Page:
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A Farmer Doing The Right Thing

This is an article written by Joseph Potangaroa who gave his permission to share it here.  I hope this farmer’s mana is contagious!

Mud, slime and cat food

Relocating landlocked eels

Here are a couple of questions that won’t cross the minds of many people. How many eels live in dams on rural farms and what can someone do if they don’t want the eels anymore but don’t want to just kill them either?

Recently a group of people transferred seventy shortfin eels from a farm dam to the Tiraumea River. The task was undertaken at the request of the farm owners and following consultation with The Department of Conservation, Ministry of Fisheries and Greater Wellington. Joseph Potangaroa, Camryn Potangaroa, Caleb Royal (Ngati Raukawa) scientist from Otaki, Joe Harwood, AJ and Kane undertook the relocation project.

The farm owners had noticed a build up of eels in a dam, eels getting stuck in water lines and the disappearance of ducklings. They had brought in a digger to remove unwanted silt out of the dam, but as the first scoop was raised from beneath the water eels slithered out of the bucket. At this point the farmers decided that even though they still wanted to reduce the eel population they would explore options other than just dumping them on banks – although  chances are most of the eels would just make their way back into the water anyway if this was done.

Caleb, Camryn and i drove to the farm late one Wednesday afternoon to set six hinaki. Caleb went about setting five nets equipped with waders, cat food for bait and an aluminium dingy. Camryn and I set the last one and then took some time to observe the surroundings.

The area was fenced off and planted with a mixture of flaxes, grasses, native and introduced trees. Ripples on the water and a couple of tails momentarily coming into view signified that there was life in the dam and made you think about how clever eels were to get up a hill in an inland location well away from any rivers. We had already learnt that the dam and several others supplied the farm with water which explained the importance of keeping the lines clear.

Evidently half a tonne of eels had been caught commercially from the farm thirteen years ago so we were very curious as to what might be in the nets when we returned the next morning.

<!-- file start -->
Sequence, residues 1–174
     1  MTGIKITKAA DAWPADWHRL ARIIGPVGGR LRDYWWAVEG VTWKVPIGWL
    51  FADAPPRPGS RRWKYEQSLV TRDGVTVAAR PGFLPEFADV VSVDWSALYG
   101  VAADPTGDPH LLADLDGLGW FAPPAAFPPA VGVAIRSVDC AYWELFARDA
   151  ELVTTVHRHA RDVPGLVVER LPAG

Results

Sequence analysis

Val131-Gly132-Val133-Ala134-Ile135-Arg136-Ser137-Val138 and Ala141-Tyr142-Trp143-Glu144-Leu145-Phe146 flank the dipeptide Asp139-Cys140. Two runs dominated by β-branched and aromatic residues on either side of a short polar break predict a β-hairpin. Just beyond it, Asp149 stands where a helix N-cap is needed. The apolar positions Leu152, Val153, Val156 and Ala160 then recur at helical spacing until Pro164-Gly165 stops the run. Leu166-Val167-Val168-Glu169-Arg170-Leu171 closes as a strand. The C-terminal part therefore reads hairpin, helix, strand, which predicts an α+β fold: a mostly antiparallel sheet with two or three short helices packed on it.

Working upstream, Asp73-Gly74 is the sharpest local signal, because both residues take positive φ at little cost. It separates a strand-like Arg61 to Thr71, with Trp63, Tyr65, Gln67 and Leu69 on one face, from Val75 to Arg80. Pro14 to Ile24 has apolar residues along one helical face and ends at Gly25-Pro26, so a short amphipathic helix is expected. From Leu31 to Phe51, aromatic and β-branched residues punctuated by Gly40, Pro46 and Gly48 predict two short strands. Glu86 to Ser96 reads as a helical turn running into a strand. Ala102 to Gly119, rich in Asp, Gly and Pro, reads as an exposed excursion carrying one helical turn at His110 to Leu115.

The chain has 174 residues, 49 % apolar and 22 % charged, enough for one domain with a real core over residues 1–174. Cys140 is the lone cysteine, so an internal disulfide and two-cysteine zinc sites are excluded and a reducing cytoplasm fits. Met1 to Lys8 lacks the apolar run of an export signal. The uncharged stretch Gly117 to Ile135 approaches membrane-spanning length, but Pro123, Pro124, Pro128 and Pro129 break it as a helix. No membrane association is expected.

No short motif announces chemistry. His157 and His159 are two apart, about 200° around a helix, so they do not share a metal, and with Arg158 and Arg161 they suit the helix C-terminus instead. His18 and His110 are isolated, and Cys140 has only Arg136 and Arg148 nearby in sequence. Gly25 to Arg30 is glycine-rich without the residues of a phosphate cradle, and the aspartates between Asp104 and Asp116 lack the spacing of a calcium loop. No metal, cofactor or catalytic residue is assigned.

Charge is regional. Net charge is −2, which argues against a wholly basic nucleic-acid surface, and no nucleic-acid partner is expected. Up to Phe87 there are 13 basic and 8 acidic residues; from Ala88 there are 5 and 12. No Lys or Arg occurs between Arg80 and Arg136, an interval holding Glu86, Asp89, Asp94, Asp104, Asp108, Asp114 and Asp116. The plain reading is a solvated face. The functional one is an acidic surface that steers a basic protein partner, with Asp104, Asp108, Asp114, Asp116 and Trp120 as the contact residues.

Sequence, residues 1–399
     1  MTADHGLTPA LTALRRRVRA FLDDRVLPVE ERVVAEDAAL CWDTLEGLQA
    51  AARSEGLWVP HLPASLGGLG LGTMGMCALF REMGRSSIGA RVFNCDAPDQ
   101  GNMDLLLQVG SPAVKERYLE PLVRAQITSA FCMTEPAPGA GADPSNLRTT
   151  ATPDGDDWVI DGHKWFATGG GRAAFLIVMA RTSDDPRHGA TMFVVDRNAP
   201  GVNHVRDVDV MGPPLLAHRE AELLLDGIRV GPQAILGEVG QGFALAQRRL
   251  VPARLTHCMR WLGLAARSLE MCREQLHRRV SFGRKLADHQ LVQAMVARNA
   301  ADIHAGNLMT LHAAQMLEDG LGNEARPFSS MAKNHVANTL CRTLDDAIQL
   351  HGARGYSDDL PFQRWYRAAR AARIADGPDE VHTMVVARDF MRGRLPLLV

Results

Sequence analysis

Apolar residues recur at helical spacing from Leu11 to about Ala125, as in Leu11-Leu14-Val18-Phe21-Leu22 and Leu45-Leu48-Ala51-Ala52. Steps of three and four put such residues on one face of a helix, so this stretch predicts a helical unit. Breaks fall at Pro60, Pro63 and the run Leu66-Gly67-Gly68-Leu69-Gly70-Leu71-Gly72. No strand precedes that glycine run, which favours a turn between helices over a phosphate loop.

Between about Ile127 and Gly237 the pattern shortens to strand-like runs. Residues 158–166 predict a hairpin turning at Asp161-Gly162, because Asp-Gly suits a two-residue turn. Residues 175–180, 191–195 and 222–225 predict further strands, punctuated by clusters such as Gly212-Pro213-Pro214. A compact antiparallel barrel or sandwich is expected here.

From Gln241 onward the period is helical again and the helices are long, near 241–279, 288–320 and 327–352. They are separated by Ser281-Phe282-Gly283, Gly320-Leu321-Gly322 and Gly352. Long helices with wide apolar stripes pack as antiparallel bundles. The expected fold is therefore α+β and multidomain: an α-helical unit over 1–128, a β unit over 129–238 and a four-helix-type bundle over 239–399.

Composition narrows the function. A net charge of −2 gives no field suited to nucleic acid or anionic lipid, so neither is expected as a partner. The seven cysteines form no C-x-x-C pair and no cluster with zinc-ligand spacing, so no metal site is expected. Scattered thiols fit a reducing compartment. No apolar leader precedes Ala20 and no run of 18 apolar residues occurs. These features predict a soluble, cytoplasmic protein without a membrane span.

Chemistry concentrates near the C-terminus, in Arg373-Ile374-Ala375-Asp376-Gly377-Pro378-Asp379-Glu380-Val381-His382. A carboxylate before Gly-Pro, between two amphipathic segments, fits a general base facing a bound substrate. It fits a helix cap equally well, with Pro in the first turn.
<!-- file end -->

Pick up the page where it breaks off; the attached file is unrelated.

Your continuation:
Arriving back at the dam on Thursday our group had grown a bit. Joe Harwood in his role as Rangitane o Wairarapa youth worker brought along teenagers Kane and AJ to be a part of the experience and had picked up Caleb and me along the way. When we went up to the dam both the lady and gentleman owners came to check the nets.

The nets were retrieved by either sloshing around in the knee deep mud or from the dingy. The final count was seventy shortfin eels of various sizes. Once all the eels were counted and identified as shortfins they were placed in plastic drums.

After we said good bye to the farmers we drove back down the road and found a suitable place on the Tiraumea River to relocate a majority of the eels. The Tiraumea is a tributary of the Mangatainoka which is in turn a branch of the Manawatu that flows into the Tasman Sea at Foxton Beach.

A few eels were taken back to Masterton where they were cooked for the enjoyment of kaumatua. But even though some were eaten and we do not know what will happen to those that were released, their chances of breeding were enhanced by being taken out of the dam.  It also made us ask how many eels are in dams and are these acting as incubators if they are not fished.

The farmers need thanking for their fore thought. We had a great time enjoying a remote part of the Wairarapa, learning through observation, getting exercise and maintaining cultural traditions. But most importantly we felt good because we had put our money where our mouth is and hopefully did a little bit to help increase the population of local eels.


Both main species of New Zealand eels have been greatly reduced in number due to habitat loss, pollution and fishing. The endemic New Zealand longfin is endangered and the native shortfin, whilst not in the same trouble has seen a reduction in population for some time.

Joseph Potangaroa

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